It works because I know that David is my number one fan. He thinks I’m talented and hardworking, and he pushes me forward constantly. I wouldn’t have launched this website without him, I wouldn’t have written my first book if he hadn’t cold called his former boss who is now my current agent, and I wouldn’t have written my second book if he hadn’t pushed me past my own bullshit. He believes in me, he believes in my work, and he believes in my business. And he’s not here for all my fear and resistance and thinking small. When I hesitate about taking a risk or going bigger, he pushes me. When I wonder if I’m talented enough to do something, he tells me to get over myself and get it done.

And I like to think that I serve a very similar purpose in his career. When there were no jobs when he graduated from law school, I made him keep taking Bar Exams tell he got one. The poor man took both the California and the New York Bar, because my attitude was that you keep working so you have access to even more opportunities. When he complains about something in his career, I tell him to do something to change it or stop bitching.

And it’s fine. I have a very public career where I get lots of positive feedback on my work. (And he’s always ready to tell me when some vicious internet criticism is bullshit.) And he’s got plenty of people in his office that talk about how super smart and super talented he is, so God knows he doesn’t need me blowing further smoke up his ass. (And when opposing council says truly awful things about him, I’m always there to shut that shit down before it takes over his brain.)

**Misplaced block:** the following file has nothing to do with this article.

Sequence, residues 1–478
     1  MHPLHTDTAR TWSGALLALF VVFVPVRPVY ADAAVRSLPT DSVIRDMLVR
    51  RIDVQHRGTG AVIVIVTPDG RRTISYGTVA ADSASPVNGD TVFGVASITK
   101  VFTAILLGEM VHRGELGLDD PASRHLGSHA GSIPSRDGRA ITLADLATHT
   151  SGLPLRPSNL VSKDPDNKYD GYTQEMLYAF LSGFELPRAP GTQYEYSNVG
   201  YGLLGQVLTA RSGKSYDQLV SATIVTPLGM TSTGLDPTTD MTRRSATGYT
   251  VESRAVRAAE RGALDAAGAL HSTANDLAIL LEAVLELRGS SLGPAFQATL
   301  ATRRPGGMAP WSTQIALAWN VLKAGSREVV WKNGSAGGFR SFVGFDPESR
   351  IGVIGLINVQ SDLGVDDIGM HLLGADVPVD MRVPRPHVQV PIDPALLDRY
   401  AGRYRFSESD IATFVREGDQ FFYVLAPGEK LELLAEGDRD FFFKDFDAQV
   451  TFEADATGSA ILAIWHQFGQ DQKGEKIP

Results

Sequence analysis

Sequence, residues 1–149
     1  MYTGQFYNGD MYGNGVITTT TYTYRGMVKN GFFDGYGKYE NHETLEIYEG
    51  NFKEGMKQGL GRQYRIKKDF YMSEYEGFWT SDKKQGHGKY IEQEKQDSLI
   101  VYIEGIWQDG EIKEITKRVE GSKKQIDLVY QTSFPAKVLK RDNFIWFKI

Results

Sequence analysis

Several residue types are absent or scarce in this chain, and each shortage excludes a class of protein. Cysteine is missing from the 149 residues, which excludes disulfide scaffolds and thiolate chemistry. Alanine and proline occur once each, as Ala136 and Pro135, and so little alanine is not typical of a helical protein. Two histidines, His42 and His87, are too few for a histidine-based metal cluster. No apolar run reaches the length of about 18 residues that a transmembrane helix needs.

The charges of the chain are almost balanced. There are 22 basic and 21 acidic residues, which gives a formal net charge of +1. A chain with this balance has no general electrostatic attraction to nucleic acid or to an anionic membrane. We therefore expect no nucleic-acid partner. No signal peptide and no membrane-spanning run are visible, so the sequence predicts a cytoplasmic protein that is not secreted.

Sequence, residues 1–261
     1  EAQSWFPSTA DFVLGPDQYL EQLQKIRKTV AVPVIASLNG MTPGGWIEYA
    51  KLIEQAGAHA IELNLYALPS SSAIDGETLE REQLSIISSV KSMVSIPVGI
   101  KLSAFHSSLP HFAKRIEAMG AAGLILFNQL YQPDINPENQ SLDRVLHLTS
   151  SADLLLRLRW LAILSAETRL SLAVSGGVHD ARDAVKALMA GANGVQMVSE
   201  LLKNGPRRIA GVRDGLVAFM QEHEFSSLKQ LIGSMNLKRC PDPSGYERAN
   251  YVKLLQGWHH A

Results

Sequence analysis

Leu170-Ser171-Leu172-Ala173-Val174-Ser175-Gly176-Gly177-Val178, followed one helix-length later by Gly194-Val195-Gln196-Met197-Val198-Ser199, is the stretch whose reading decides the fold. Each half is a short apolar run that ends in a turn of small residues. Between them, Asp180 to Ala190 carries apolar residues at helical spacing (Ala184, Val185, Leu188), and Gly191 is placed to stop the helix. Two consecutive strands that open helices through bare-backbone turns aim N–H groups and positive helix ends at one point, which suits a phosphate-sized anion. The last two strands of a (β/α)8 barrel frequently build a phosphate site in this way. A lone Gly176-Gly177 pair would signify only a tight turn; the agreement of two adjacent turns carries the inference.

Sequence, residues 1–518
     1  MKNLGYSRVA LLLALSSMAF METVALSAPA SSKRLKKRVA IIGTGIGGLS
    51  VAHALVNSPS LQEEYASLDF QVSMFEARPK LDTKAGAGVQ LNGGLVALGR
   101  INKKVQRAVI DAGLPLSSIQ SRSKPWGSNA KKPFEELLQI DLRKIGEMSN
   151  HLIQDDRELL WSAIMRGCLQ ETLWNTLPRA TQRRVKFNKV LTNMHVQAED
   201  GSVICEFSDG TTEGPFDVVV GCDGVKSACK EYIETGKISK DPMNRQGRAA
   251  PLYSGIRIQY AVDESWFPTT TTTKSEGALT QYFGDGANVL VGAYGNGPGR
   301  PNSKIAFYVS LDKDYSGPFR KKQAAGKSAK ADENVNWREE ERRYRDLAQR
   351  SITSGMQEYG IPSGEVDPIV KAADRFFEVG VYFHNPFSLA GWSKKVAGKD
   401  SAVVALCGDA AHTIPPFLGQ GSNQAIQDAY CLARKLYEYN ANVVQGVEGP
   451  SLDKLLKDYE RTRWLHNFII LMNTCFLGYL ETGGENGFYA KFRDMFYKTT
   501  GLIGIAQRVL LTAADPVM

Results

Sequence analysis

This Is What Support Looks Like

So in short, the answer is this: your partner doesn’t have to read your work to be supportive. He doesn’t have to like novels or poetry to be your number one fan. But he does, somehow, need to find a way to be your number one fan. He needs to believe in you and your talent and your potential in this world. He needs to push you to thrive and not tolerate your excuses when you try to hold yourself back. And he absolutely, fundamentally, needs to learn how to give you a compliment. It doesn’t need to be, “The poems you write tickle my soul.” But, “You are a bad-ass hardworking poet, and I believe in what you do,” will do nicely. He can think your art is not his cup of tea, while thinking you, the artist, are amazing.

But Also…

And I will add one other thing here: it may be time for you to dial back your effusive support of his work. If you understand it and like it, great. But when it comes to spending more time understanding the nuance of his work? If you know you’re not going to get that energy back in return, don’t waste it. Spend it on your own work. Or your kid. Or your shared life together. Or literally anything that’s not a waste of your time. Use that energy in that room of your own. He’ll be fine.

And if he’s not fine without your overwhelming support? Well then, maybe that will prompt him to take a look in the mirror and then maybe things will change.

But until then, give what you receive. And save the rest for yourself.

—Meg Keene